The Airlines Reporting Corporation (ARC) regulates ticket sales and reports to the airlines for travel agencies and other ticket outlets and is a corporation owned by certain U.S. air carriers that collectively appoint U.S. travel agencies to represent participating air carriers. It further administers the Area Banks and Area Settlement Program which is a clearinghouse for agent reporting and the settlement of airline ticket sales. ARC became the successor corporation to the ATC, following the agent rights issues trial of ARTA vs. ATC in 1985. While some functions are similar to those of ATC, ARC is designed to operate without the limited antitrust immunity once possessed by ATC. The ARC corporation began formal operations on January 1. 1985.
The Airlines Reporting Corporation requires all travel agencies to apply for, and be granted, a 'travel agency appointment' prior to being allowed to sell air travel with airline ticket stock. This agency program binds the travel agent as an agent of the carrier. The agent may receive commissions by representing the airline in the sale of passenger transportation. ARC established its own criteria for which travel agents would be entrusted with its airline ticket stock paper and airline ticket printing plates. Various carriers have now established additional bonding and liability criteria.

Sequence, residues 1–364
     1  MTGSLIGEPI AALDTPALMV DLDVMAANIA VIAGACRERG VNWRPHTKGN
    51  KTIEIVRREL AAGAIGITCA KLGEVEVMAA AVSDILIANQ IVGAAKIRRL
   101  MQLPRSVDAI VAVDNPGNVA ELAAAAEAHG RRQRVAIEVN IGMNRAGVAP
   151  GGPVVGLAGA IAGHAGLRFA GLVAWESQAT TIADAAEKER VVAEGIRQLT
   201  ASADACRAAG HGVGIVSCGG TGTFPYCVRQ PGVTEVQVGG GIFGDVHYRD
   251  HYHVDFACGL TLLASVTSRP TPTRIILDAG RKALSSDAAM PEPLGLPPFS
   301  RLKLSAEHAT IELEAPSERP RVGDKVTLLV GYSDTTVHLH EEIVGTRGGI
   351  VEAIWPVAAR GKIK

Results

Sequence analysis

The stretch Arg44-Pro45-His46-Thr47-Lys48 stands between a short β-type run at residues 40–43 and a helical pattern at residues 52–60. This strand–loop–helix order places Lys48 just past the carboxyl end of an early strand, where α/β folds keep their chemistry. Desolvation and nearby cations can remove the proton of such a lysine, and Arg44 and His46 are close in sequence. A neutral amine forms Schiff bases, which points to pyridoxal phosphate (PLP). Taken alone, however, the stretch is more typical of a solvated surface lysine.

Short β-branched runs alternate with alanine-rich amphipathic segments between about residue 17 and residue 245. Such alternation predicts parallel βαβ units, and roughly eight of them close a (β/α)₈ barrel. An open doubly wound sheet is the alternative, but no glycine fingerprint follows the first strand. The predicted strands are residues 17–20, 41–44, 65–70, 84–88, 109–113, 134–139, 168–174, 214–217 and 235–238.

The application for an appointment must be approved before operating as an appointed travel agency. ARC will not grant uniform ticket stock until the appointment is granted. ARC's services include: travel agency accreditation; ticket, and ticket number assignment, distribution and control; travel transaction reporting and financial settlement; new distribution technology development and support.
In 1995, ARC began to process and settle electronic tickets issued by ARC accredited travel agents through Computer Reservations Systems (CRS) now also known as Global Reservations Systems (GDS). The treatment accorded an electronic transaction by ARC is, for the most part, a mirror image of the function performed for the paper counter part with accountability residing with the electronic record of a document number rather than a numbered paper document. The sale of electronic tickets (or e-tickets) is steadily increasing in number and currently accounts for about half of all ARC processed travel agent transactions. However, in light of recent terrorist activities, e-tickets usage may become more restricted. Because these systems require telephone line transmission, frauds against carriers and ticketed through a GDS are prosecuted federally by the U.S. Attorneys office.
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